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Archaeologists, architects, and civil engineers trying to repair the 2 [#permalink]

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New post 20 Feb 2018, 20:49
aaba wrote:
Archaeologists, architects, and civil engineers trying to repair the 2,500- year-old architectural wonder known as the Parthenon are still struggling to understand several aspects of its genius: the flawless proportions and balance, the remarkable precision that should have been impossible to achieve without modern tools, and its rapid construction in less than ten years

A the remarkable precision that should have been impossible to achieve without modern tools, and its rapid construction in less than ten years

B the remarkable precision that should have been impossible to achieve without modern tools, and it was rapidly constructed in less than ten years

C the remarkable precision should have been the remarkable precision [THAT?]should have been impossible to achieve without modern tools, and in less than ten years it was rapidly constructed

D should have been impossible to achieve without modern tools was the remarkable precision, and in less than ten years its construction

E should have been impossible to achieve without modern tools was that remarkable precision, and the construction that took place in less than ten years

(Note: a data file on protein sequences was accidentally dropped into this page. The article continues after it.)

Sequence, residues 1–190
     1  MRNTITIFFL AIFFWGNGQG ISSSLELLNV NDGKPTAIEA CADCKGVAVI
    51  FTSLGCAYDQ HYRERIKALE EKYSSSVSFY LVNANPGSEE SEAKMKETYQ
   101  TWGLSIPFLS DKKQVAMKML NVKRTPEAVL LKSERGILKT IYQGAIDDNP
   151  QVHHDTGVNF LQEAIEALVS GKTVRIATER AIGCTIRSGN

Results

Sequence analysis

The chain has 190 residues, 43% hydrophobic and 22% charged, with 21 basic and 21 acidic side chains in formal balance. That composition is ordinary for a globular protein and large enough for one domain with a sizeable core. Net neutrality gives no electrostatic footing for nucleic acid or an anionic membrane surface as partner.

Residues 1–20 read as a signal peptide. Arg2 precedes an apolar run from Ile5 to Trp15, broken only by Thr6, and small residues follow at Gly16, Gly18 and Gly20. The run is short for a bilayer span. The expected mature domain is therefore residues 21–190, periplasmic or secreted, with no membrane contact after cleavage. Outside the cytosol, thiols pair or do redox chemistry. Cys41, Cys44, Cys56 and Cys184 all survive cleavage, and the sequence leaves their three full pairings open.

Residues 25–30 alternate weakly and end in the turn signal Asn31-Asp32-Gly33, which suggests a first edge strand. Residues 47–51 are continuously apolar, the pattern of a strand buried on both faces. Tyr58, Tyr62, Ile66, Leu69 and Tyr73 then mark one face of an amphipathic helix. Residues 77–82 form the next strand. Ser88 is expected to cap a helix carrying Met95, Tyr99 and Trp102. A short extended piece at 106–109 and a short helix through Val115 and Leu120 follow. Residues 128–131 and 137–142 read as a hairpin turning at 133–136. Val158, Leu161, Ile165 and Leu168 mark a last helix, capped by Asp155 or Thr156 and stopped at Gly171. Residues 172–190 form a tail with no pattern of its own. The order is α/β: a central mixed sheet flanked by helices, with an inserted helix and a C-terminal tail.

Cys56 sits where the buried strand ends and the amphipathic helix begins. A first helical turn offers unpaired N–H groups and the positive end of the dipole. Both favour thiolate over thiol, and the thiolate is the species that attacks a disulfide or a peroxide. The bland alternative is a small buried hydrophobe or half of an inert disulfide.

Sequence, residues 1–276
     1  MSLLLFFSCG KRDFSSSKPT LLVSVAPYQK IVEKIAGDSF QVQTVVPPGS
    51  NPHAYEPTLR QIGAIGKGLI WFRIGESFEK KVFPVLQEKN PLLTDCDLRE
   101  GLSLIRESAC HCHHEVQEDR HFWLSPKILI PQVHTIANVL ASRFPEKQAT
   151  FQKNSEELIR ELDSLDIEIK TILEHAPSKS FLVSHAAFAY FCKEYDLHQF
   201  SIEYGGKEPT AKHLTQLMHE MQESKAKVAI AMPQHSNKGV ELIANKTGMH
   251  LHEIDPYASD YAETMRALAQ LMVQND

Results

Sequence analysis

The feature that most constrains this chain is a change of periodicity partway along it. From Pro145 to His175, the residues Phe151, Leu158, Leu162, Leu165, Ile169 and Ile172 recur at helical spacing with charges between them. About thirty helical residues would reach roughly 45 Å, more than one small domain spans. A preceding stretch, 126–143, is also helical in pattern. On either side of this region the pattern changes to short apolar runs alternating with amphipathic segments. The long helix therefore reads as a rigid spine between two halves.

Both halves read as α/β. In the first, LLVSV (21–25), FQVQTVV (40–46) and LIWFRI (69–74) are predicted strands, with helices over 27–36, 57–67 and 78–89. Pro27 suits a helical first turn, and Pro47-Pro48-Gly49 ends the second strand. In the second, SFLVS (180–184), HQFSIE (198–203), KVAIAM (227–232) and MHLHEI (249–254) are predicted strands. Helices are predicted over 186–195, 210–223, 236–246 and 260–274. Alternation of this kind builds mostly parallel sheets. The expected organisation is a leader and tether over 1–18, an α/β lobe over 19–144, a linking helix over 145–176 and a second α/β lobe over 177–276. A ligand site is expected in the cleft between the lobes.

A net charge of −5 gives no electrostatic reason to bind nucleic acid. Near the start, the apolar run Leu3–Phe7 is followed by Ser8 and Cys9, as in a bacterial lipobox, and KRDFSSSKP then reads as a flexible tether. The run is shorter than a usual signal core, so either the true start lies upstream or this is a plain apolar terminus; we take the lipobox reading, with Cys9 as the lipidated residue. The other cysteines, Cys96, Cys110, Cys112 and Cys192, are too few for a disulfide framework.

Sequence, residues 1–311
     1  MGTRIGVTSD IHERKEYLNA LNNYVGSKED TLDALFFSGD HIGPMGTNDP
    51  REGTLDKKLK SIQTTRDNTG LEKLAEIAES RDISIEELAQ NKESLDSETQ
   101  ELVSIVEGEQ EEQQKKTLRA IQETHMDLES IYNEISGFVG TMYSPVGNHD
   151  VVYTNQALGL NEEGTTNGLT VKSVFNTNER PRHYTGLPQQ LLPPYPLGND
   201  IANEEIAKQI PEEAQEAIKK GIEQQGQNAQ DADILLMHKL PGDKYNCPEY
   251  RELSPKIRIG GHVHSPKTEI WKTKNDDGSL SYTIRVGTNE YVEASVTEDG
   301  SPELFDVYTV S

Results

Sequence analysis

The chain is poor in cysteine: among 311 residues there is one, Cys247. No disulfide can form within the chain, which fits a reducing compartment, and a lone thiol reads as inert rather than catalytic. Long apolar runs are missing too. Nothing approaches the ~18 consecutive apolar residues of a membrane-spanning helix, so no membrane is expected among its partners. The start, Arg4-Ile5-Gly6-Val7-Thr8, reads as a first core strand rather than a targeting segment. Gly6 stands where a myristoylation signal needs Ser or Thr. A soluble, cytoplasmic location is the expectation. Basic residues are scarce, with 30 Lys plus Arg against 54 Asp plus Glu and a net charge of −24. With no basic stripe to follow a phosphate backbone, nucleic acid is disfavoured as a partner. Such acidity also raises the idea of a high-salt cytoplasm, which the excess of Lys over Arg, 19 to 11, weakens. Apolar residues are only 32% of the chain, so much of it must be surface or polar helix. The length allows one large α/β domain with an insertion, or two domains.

source: ready4gmat

aaba , would you please check Answer C and edit the prompt if the transcription is inaccurate?
It looks like a copy-and-paste error.
Priyansha7 wrote:
the flawless proportions and balance, the remarkable precision that should have been impossible to achieve without modern tools, and its rapid construction in less than ten years

What about its?

Priyansha7 , I suspect you are uncomfortable with "the . . ., the . . ., its . . ."
The sentence gives three examples of the Parthenon's architectural "genius": proportions and balance; precision; and rapid construction.
All three are nouns.
"Its construction" is okay here.

First, and by far the most important decision point, the other four answers are clearly wrong. Truly awful. All four butcher parallelism.
Answer B: it was rapidly constructed is not a noun
Answer C: in less than ten years does not maintain the structure of [article - adjective - noun(s)]. In addition, it was rapidly constructed is not a noun.
Answer D: "should have been" . . . remarkable precision" is not parallel and is not grammatically correct.